In the Garden:
This purple amaranth is a heat tolerant vegetable for these hot summer months.
Vegetable Gardening Between Spring and Fall
When summer arrives in the South, the heat drives many gardeners indoors, and as a result, our vegetable garden season often amounts to a spring garden that gives way to the summer heat followed by a fall garden that begins in mid to late summer.
I've been out in the garden this week looking over the various crops. Many of the things that were producing well in spring have gone by the wayside. Lettuce, cilantro, and spinach took the extended day-lengths as their cue to bolt and make their exit. After leaving them for a while to save some seed, I pulled them, much to the delight of our chickens in the mobile chicken tractor.
We just pulled out some broccoli, much to the disappointment of the few harlequin bugs that have survived my month-long vendetta against them. There are some other plants like kale and sorrel that have been declining under the infernal summer sun. I am talking them into extending their stay by providing a little overhead shade to make out southern clime a bit more hospitable!
Being out in the garden during most of the day is now equivalent to taking one's life into your own hands. Just writing about it makes me sweat! But there are some great gardening hours to be enjoyed early and late in the day. Just because it is summer doesn't mean that planting season is over either. There are several crops well suited to summer planting and we are busy filling our garden space with more edible bounty.
Summer and greens are seldom used in the same sentence, but there are several greens that are well suited to the heat and help extend the time when we can enjoy fresh greens in the kitchen. Amaranth and purslane grow fast and don't mind the heat. Chard can also take the summer heat, but appreciates a little mid to late day shade.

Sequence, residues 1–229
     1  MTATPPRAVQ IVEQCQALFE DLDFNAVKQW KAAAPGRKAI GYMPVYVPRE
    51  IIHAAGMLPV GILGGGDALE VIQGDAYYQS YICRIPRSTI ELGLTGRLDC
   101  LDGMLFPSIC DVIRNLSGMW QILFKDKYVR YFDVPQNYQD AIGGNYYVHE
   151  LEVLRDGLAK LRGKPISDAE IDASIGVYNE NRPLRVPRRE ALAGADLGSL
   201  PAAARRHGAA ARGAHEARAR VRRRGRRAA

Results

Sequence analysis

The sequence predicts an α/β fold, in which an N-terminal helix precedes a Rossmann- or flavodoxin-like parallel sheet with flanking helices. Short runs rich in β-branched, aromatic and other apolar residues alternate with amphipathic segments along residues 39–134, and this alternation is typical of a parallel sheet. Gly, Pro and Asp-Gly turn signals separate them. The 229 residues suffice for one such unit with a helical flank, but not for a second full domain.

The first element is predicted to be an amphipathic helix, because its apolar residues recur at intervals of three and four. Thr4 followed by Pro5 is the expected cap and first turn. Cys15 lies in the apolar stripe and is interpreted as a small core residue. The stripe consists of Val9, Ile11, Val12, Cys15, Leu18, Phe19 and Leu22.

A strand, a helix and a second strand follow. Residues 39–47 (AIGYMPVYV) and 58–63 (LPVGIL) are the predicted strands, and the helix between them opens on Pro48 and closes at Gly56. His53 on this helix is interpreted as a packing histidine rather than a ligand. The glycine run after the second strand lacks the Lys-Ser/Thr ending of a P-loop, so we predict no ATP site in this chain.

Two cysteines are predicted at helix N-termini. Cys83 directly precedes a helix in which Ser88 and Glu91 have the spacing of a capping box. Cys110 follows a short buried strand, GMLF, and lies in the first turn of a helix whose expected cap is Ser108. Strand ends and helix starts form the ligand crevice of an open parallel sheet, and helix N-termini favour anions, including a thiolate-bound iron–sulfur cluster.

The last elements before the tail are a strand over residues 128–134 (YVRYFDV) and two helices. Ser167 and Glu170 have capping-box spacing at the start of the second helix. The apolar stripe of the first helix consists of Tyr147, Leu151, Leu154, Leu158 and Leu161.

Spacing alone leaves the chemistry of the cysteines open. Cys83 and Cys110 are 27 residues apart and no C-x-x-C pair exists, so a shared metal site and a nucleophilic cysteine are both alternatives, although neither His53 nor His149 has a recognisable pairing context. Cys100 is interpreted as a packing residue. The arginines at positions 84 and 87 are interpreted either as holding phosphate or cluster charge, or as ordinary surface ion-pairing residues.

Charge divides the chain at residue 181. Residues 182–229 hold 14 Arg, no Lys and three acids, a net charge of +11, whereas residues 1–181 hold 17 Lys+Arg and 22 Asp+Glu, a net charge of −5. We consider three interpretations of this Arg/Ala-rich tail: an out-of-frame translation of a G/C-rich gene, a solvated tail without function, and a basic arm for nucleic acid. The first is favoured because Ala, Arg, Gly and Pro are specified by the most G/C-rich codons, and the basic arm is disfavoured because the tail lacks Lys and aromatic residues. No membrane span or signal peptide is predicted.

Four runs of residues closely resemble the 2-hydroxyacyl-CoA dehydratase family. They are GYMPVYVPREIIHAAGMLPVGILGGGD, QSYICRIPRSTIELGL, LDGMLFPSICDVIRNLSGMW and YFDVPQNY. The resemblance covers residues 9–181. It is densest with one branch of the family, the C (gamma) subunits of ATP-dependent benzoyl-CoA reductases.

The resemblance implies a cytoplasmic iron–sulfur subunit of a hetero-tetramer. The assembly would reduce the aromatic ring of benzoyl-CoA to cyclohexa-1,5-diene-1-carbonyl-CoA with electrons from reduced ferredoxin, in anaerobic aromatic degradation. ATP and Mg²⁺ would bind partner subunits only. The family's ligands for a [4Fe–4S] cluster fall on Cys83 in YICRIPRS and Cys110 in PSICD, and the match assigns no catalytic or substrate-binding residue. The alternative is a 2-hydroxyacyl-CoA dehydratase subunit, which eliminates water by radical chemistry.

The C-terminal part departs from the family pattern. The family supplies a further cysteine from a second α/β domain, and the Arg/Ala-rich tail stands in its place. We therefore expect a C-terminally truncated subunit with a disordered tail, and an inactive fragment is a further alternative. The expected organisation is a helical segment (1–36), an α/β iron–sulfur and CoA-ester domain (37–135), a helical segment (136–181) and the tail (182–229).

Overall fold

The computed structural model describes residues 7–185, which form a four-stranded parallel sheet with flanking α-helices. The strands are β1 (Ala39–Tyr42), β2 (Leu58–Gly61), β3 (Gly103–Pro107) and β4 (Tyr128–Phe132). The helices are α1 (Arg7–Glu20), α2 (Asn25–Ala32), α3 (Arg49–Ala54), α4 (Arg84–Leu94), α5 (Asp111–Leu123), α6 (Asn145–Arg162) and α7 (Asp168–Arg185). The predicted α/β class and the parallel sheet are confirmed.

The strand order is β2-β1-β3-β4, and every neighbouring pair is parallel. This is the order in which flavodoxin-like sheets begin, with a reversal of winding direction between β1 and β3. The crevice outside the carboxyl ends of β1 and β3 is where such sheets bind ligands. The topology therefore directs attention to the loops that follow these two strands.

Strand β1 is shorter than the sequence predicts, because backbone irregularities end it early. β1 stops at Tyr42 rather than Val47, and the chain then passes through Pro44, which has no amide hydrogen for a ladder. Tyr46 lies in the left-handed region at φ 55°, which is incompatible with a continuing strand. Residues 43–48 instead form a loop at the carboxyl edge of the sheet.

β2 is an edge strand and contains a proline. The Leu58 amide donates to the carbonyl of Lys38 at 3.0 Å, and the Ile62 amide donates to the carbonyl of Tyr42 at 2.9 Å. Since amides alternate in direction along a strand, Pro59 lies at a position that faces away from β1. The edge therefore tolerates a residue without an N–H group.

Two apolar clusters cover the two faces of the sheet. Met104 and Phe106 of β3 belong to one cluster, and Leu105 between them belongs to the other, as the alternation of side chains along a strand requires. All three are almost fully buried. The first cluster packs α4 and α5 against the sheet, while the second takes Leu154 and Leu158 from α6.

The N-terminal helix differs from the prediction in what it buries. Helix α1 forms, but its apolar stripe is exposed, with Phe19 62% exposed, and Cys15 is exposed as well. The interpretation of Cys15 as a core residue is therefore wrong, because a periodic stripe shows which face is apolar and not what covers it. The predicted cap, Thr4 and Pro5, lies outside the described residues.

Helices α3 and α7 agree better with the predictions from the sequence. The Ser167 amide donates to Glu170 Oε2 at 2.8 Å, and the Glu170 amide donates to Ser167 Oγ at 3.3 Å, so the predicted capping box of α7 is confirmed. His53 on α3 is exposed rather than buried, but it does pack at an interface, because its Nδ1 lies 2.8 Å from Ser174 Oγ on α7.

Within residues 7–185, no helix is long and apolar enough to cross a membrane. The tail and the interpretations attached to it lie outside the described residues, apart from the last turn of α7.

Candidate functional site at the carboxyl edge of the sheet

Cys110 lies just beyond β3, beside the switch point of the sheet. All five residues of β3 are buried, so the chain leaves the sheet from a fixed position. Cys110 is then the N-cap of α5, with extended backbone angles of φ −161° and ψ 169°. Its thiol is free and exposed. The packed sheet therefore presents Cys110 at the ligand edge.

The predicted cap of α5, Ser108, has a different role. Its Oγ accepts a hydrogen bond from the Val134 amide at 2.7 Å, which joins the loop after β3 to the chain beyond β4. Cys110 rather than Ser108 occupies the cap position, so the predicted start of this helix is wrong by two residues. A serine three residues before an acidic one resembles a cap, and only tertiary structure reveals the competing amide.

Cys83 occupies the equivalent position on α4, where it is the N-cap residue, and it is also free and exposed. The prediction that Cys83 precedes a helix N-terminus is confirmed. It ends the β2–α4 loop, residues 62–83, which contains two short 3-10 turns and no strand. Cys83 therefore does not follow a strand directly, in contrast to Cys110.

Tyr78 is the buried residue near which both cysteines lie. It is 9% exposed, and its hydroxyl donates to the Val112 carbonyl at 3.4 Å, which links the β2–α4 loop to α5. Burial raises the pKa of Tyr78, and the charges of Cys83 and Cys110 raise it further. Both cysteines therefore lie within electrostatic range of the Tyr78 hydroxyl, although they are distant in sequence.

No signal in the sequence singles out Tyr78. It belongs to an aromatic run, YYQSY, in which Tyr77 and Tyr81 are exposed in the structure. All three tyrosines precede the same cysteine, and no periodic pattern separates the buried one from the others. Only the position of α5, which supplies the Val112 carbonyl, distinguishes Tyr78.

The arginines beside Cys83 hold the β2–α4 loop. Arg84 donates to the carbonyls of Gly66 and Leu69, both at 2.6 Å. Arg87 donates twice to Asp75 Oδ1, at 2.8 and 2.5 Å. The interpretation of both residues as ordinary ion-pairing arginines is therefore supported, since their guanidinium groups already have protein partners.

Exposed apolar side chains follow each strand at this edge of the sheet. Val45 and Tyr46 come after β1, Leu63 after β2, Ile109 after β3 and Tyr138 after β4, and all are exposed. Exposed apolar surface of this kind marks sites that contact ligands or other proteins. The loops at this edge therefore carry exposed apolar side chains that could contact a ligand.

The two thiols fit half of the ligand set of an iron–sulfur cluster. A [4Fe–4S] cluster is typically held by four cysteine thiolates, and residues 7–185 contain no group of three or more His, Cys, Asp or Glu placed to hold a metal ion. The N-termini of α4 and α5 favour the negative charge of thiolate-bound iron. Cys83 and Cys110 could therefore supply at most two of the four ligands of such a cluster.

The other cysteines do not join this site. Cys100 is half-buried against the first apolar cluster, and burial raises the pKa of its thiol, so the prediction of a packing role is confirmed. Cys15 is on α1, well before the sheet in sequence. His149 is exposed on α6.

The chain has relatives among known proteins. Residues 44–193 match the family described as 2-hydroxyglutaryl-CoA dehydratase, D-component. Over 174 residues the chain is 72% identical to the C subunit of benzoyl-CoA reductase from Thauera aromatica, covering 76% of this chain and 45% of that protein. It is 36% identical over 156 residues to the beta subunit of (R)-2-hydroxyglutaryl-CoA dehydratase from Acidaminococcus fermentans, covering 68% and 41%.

Malabar is another good summer green. It is sometimes called Malabar spinach. Why we have to add spinach to the name of every green we are not familiar with puzzles me. Other than true spinach, nothing else called spinach is spinach! But I'll avoid that soapbox.
Last week we seeded out some okra after soaking it overnight to help speed germination. The new seedlings are up and on their way. Although squash prefers milder temperatures, we have recently established some new yellow and zucchini squash. I didn't plant any winter squashes this spring so those will likely go in sometime this month. Their days-to-harvest range from around 70 days to well over 100 days, so planting now means harvest should begin around September.
Black-eyed peas and those other southern favorites crowder, purple hull, and cream peas, can take the heat and are worth growing if you have some space. I don't have good luck with sweet potatoes in my garden due to the sweet potato weevil. If your area is relatively weevil free, visit a neighbor who planted sweet potatoes early and get some vine tip cuttings to start your own patch.
We have some new muskmelon seedlings that are starting to vine. I should mention that these are what we call cantaloupes in the South, but true cantaloupes are much less common in our area. Since my garden is almost full now I have used a section of livestock panel to grow the muskmelons vertically. Other types of wire fencing will work as an alternative to the livestock panels.
Watermelons are another summer planting option and we included a few down the trellis from the muskmelons. Next year I'd like to try orienting the melon trellis in such a way that it provides some mid to late day shade for some lower growing vegetables that are not as summer-tough.
Don't let the summer sun prevent you from keeping the produce coming in for tasty, healthy meals. Take advantage of the early and late day hours to enjoy some time out in the garden.
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